What the hell is that ?

Hi All,

A co-worker of mine was just showing me a C construct that neither of us
have ever seen before.

Here it is:

int myArray [10] = { [0 … 9] = 47 };

This is a slightly simplified version of what we actually saw. What we saw
was initializing an array of structures of interrupt handlers vectors. It
came from a Linux system. Now it’s fairly obvious what the intent is. And
we’re all wanted to do something like this before. But I didn’t think that
this was legal C. For the record, it does compile under the Linux gcc but
not under the QNX Watcom compiler.

Does anyone know if this is a new language feature or just some gcc
extension to the language and when it was introduced?

Bill at Sierra Design wrote in message <8ooib5$pkb$1@inn.qnx.com>…

Hi All,

A co-worker of mine was just showing me a C construct that neither of us
have ever seen before.

Here it is:

int myArray [10] = { [0 … 9] = 47 };

This is a slightly simplified version of what we actually saw. What we saw
was initializing an array of structures of interrupt handlers vectors. It
came from a Linux system. Now it’s fairly obvious what the intent is. And
we’re all wanted to do something like this before. But I didn’t think that
this was legal C. For the record, it does compile under the Linux gcc but
not under the QNX Watcom compiler.

Does anyone know if this is a new language feature or just some gcc
extension to the language and when it was introduced?

There is a more portable way to do this, like this:

#include <j2k/Fred/Util/RepeatWC.hpp>

// Look at this address:
http://j2k.sourceforge.net/src/j2k/Fred/Util/RepeatWC.hpp
// #define REPEAT_WC_10(x) x, x, x, x, x, x, x, x, x, x

// I have a script that generated it up to 160 and then
256,512,1024,2048,4096,8192
// if you need more just tell me and I can generate it up to 1,048,576 if
you want =)

int myArray[10] = { REPEAT_WC_10( 47 ) };


// or even better

#define sz 10

int myArray[ sz ] = { REPEAT_WC( sz, 47 ) };

// Means: Repeat With Comma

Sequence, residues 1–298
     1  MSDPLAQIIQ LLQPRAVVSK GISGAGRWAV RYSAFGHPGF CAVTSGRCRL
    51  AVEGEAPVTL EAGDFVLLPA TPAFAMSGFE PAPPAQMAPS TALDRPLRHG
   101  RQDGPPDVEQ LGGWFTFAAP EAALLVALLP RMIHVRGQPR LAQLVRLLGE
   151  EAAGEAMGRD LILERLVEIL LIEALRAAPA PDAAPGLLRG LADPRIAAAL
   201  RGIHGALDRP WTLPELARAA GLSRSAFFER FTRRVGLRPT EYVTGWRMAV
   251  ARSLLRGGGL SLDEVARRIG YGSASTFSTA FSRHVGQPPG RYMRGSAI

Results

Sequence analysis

Sincerly yours,

Fred.

Standard J2K Library for Embedded C++
http://j2k.sourceforge.net/

There is a more portable way to do this, like this:

#include <j2k/Fred/Util/RepeatWC.hpp

// Look at this address:
http://j2k.sourceforge.net/src/j2k/Fred/Util/RepeatWC.hpp
// #define REPEAT_WC_10(x) x, x, x, x, x, x, x, x, x, x

// I have a script that generated it up to 160 and then
256,512,1024,2048,4096,8192
// if you need more just tell me and I can generate it up to 1,048,576 if
you want =)

int myArray[10] = { REPEAT_WC_10( 47 ) };


// or even better

#define sz 10

int myArray[ sz ] = { REPEAT_WC( sz, 47 ) };

// Means: Repeat With Comma

#include <iostream.h>
#include <j2k/Fred/Util/RepeatWC.hpp>

/*
There is even better reason to do that try to do this by hand:
50 times the sequence “11, 23, 45, 32, 16, 98, 32, 55”
512 times the sequence “1, 0”
256 times the sequence:
“Fred”, “Georges”, “Alex”, “Nick”, “Pete”, “Igor”, “Mario”, “Randy”

I don’t suggest more than 512 for space and compile time issues.
512 makes your precompiler rushing to its knees… =)
*/


// Those are requires else the compiler will complain
// since commas are separators and the macro
// needs one.

#define DEF1 11, 23, 45, 32, 16, 98, 32, 55

#define DEF2 1, 0

#define DEF3 “Fred”, “Guy”, “Daniel”, “Bill”,
“Pete”, “Igor”, “Mario”, “Randy”

int main() {

// You must call the correct macro and not REPEAT_WC( 50, DEF1 )
// else the precompiler gets totally mix up ! =)

int seq1[ 50 * 8 ] = { REPEAT_WC_50( DEF1 ) };
int seq2[ 512 * 2 ] = { REPEAT_WC_512( DEF2 ) };

const char* seq3[ 256 * 8 ] = { REPEAT_WC_256( DEF3 ) };

// Quite handy tough.

int i = 0;

for( i = 0; i < (508); i++ ) {
cout << seq1 _<< ’ ';
}

cin >> i; // wait for user

for( i = 0; i < (512
2); i++ ) {
cout << seq2 << ’ ';
}

cin >> i; // wait for user

for( i = 0; i < (256*8); i++ ) {
cout << seq3 << ’ ';
}

return 0;
}

Sincerly yours,

Fred.

Standard J2K Library for Embedded C++
http://j2k.sourceforge.net/_

“Bill at Sierra Design” <BC@SierraDesign.com> wrote in message
news:8ooib5$pkb$1@inn.qnx.com

Hi All,

A co-worker of mine was just showing me a C construct that neither of us
have ever seen before.

Here it is:

int myArray [10] = { [0 … 9] = 47 };

This is a slightly simplified version of what we actually saw. What we
saw
was initializing an array of structures of interrupt handlers vectors. It
came from a Linux system. Now it’s fairly obvious what the intent is.
And
we’re all wanted to do something like this before. But I didn’t think
that
this was legal C. For the record, it does compile under the Linux gcc but
not under the QNX Watcom compiler.

Does anyone know if this is a new language feature or just some gcc
extension to the language and when it was introduced?

I dont know when it was intorduced… but that is a gcc extension. you can
also say things like

int myArray[10] = { [5] 7 };

to init item 5 to 7. If you look in the gcc doco under C Extensions its all
documented(that one is under Label Elements… I just checked :slight_smile:. My
favourite extension on this vein has always been the case ranges. ie

int a;

switch (a)
{
case 1 … 5:
{
// do stuff
}
}

I always liked that syntax in Pascal et al

Cheers,
Ciaran